Young families are moving into Irondequoit's Winona Woods neighborhood, between St. Paul Boulevard and Titus Avenue. And when it became evident one year that quite a few of Winona Woods's children were bound for kindergarten, the neighborhood association organized what has become an annual back-to-school meet and greet.
The event helps residents get to know each other. And the neighborhood association helps connect residents and town officials.
"It's a huge communication conduit," says Brad Huber, president of the Winona Woods Neighborhood Association.
The Town of Irondequoit is trying to encourage the growth of formal neighborhood associations, in part by seeking proposals for small-scale community projects. This is the second year that the town has solicited applications for the projects, will be funded out of $100,000 in code-violation fines paid by Medley Centre's former owner in 2014.
Last year, the town approved median plantings in the Titus Avenue-Cooper Road area, and distinct street signs for Winona Woods, which better distinguished, defined, and identified it as a neighborhood, says Irondequoit Supervisor Dave Seeley.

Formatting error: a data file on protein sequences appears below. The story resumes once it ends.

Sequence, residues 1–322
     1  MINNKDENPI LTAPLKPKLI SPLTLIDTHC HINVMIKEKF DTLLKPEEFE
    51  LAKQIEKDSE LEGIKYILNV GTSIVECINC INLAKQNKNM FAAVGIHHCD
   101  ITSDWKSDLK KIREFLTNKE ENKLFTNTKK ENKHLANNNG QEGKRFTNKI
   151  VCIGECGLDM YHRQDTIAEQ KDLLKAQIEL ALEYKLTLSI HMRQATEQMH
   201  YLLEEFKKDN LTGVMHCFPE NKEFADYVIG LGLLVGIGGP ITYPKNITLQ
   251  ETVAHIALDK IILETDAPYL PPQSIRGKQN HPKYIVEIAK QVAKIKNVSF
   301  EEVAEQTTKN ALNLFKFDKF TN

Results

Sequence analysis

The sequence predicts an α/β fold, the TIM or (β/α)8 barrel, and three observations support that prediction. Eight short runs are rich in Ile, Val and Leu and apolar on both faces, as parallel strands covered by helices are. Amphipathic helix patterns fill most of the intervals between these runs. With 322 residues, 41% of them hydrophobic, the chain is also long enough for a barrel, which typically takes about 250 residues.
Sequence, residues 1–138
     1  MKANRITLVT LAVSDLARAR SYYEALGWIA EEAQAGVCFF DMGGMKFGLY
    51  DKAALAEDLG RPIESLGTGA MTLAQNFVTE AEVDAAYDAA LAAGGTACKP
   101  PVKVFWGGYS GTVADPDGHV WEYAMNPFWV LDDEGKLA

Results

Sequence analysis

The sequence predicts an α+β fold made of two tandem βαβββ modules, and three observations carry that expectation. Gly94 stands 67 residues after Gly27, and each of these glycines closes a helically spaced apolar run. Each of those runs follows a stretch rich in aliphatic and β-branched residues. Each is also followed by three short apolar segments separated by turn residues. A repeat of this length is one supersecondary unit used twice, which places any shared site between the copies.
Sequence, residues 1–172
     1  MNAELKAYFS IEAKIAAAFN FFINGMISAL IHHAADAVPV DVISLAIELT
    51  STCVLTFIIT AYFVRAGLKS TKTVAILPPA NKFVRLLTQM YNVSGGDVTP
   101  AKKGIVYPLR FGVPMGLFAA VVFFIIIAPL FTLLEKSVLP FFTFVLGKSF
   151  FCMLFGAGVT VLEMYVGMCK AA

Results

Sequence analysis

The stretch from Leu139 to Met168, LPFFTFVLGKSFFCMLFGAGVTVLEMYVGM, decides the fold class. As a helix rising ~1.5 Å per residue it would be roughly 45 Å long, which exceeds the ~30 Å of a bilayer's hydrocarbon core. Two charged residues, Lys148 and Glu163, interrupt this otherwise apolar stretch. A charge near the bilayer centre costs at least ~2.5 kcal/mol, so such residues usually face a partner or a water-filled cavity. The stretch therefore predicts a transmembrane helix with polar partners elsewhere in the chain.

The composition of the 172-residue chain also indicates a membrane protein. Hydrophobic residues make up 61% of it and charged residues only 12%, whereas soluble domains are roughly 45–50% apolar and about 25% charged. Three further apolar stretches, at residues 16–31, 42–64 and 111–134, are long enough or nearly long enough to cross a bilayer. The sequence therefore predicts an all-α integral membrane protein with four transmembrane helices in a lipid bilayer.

The fact that Winona Woods had a cohesive neighborhood group made it easier to get the projects off the ground, Seeley says.
As the town solicits 2016 projects, it's also asked residents about setting up associations for their neighborhoods. Town officials met earlier this week with some of the residents who say they're interested.
Seeley says that the town will help people through the process of setting up a nonprofit organization, and with initial communications and tasks such as photocopying. Huber, a teacher, is also working part-time at Town Hall this summer to help residents set up formal neighborhood groups. It's a process he's familiar with, since Winona Woods started from scratch.
As an inner-ring suburb, Irondequoit is filled with dense, walkable neighborhoods, some similar to those in the city. But when it came to defining the neighborhood, Winona Woods leaders didn't have much history to go by, Huber says. They had to look at the community and try to figure out what boundaries made sense, he says.
The new street signs helped cement the neighborhood's identity, Huber says. The association figured out the boundaries, and the signs serve as physical markers to set the neighborhood apart.
They've also helped boost the ranks of the neighborhood association, Huber says. And they've elevated the neighborhood's profile; houses are selling for more than they did before, Huber says, and realtors use a house's location in Winona Woods as a marketing tool.